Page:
YANGON (Reuters) - Myanmar’s constitution cannot be changed until after next year’s general election, the speaker of parliament said, casting doubt on the chances of Nobel laureate Aung San Suu Kyi becoming president and the military’s political power being weakened.
Lower house chairman Shwe Mann reaffirmed his intent to run for president himself and said amendments to the constitution, which bars Suu Kyi and gives the military a legislative veto, could only be changed after a new parliament convenes after the poll late next year.
Shwe Mann’s comments are likely to cause a stir amid simmering political tensions between political leaders ahead of the vote that will decide who will run Myanmar until 2020.
“We can’t afford in the present political and administrative scenario to make any mistakes in amending the constitution right now,” he told reporters in the capital Naypyitaw, comments that were broadcast on Radio Free Asia on Wednesday.
After several years of astonishing change in the wake of the country’s shift from military rule to a semi-civilian system, critics say Myanmar’s reforms have stalled and the military is reasserting itself amid challenges to a political stake it guaranteed itself when it drafted the 2008 constitution.
Shwe Mann, who was third in command of the junta before it ceded power in 2011, is an influential figure who has sought to appear magnanimous in supporting Suu Kyi running for president, but says that decision rests with elected lawmakers.
He said a referendum on amending the constitution could be held in May, but any changes agreed by the public would be introduced after a new parliament was elected. That means the legislature would retain a 25 percent quota for the military that ruled Myanmar with an iron fist for 49 years.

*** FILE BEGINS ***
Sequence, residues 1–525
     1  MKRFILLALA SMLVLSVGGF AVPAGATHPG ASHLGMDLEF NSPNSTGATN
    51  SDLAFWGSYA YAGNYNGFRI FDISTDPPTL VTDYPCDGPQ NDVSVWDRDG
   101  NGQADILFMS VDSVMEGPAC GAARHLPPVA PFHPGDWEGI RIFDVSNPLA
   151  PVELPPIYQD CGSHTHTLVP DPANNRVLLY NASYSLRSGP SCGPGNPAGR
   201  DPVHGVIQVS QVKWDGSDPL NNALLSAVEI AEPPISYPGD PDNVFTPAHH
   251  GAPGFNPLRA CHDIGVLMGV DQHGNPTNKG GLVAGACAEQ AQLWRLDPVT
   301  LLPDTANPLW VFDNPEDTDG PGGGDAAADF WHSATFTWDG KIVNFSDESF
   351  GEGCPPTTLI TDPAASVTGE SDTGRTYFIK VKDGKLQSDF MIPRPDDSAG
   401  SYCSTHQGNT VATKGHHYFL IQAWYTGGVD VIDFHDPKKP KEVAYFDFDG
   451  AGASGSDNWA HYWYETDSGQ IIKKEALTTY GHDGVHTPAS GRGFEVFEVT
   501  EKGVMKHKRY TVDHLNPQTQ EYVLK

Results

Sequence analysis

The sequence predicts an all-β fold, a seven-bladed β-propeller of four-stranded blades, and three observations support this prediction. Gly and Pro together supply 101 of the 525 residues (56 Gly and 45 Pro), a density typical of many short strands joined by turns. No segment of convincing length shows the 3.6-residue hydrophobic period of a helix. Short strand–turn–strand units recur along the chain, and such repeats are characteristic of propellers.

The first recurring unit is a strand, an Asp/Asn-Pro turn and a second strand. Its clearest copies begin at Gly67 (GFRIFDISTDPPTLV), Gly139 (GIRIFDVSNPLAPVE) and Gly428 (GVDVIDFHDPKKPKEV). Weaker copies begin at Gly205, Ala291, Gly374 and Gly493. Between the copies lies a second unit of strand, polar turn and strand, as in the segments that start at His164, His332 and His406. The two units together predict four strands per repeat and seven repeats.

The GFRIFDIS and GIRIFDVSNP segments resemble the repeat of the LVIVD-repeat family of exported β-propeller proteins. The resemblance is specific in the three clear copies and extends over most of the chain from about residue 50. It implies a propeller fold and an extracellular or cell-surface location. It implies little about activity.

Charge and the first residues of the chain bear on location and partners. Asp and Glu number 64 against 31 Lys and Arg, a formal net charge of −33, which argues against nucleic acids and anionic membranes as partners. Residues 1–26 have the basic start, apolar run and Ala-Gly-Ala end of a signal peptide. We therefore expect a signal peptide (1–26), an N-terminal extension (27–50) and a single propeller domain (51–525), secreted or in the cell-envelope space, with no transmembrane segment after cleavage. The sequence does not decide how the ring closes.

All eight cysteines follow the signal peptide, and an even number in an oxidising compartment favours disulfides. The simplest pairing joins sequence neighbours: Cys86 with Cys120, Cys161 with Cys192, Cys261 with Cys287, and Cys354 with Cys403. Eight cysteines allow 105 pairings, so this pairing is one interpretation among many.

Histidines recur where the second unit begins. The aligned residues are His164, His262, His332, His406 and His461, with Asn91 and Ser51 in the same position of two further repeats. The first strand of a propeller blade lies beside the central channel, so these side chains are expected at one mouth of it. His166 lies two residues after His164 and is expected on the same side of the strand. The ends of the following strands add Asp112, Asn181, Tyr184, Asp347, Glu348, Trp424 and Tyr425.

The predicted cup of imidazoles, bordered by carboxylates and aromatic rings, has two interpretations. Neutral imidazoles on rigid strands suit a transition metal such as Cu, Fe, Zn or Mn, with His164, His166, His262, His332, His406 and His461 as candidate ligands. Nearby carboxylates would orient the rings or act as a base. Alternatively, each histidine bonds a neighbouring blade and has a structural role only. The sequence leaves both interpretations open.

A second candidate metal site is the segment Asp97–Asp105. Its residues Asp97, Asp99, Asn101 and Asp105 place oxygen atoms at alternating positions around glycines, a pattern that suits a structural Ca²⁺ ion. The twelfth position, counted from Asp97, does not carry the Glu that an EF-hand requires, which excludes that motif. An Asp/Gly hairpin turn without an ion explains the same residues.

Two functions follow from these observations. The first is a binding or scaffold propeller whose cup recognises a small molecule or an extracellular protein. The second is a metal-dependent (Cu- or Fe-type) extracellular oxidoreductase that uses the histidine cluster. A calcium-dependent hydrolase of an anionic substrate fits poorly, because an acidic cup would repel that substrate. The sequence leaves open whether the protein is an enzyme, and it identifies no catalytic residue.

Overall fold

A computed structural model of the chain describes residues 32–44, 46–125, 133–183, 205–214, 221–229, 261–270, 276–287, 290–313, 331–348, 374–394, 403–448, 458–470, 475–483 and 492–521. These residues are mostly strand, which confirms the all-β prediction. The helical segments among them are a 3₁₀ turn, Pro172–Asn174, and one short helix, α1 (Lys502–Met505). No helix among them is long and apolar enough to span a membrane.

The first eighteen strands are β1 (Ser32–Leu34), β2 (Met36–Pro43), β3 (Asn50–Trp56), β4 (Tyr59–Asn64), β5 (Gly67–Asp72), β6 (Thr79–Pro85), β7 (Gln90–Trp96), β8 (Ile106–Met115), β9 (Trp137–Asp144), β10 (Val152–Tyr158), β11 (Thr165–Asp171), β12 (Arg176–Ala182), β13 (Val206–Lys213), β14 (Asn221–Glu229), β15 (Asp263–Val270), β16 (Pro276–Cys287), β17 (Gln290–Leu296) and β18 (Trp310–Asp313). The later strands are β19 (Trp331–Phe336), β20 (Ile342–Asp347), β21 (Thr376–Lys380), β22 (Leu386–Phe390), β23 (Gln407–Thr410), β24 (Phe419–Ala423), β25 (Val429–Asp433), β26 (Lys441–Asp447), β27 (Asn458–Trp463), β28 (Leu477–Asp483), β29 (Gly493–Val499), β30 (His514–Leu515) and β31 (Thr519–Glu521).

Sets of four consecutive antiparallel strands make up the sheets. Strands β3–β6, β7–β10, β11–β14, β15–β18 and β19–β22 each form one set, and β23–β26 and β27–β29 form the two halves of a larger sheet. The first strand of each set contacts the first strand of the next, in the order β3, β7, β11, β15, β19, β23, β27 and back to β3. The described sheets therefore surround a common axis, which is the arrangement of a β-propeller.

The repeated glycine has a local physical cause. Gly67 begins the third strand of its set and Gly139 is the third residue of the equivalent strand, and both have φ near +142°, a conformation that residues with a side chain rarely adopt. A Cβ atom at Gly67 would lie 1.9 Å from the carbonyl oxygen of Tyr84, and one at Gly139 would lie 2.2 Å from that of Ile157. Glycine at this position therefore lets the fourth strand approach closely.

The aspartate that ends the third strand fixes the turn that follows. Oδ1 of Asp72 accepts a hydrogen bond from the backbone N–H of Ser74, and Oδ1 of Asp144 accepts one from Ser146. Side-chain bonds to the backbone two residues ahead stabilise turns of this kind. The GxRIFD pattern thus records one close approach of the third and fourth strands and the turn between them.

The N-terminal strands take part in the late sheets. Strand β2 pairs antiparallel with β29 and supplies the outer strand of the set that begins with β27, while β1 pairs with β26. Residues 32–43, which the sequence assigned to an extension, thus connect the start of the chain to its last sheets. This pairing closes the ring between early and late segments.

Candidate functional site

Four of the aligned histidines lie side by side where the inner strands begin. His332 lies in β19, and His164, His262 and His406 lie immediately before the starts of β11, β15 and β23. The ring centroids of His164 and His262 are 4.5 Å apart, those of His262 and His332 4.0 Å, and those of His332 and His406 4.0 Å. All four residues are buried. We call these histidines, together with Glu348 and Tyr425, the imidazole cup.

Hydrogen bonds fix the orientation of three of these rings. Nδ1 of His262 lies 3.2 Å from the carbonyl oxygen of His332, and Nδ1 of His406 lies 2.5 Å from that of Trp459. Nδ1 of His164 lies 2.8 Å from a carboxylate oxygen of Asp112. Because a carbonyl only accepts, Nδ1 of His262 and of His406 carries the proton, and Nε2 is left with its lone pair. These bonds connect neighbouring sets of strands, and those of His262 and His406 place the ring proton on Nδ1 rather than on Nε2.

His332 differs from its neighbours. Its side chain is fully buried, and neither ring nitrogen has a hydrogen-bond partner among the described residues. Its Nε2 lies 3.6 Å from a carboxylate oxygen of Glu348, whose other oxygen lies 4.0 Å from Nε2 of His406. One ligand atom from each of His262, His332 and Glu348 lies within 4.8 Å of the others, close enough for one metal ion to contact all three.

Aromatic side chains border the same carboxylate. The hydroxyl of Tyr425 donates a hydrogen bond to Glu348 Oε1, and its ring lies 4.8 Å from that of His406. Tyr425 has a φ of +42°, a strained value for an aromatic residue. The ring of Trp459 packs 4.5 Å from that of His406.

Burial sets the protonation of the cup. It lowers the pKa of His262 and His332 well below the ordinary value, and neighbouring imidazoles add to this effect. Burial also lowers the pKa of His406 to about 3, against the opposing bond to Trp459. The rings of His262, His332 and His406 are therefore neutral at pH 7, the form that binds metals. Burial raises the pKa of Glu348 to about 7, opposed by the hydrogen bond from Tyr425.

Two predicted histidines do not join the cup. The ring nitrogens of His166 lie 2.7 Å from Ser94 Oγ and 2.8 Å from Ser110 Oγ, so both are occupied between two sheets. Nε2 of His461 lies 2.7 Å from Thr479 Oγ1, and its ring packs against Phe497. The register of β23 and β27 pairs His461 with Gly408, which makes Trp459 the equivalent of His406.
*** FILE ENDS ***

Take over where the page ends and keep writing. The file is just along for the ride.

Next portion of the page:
Suu Kyi’s National League for Democracy Party (NLD) said Shwe Mann had no right to say when the constitution would be changed.
“Shwe Mann doesn’t have the power to make this decision. It’s up to lawmakers and parliament to make it,” spokesman Nyan Win said. “It’s a pity he didn’t offer any reason ... if he did, we would be able to talk about it.”
The NLD compiled a petition with nearly five million signatures in July calling for changes in a clause that would essentially weaken the military’s legislative powers and allow amendments to be made easier.
Among the controversial clauses is one baring Suu Kyi from the presidency because her children hold British citizenship, which U.S. President Barack Obama last week said “doesn’t make much sense”.
Writing by Martin Petty; Editing by Nick Macfie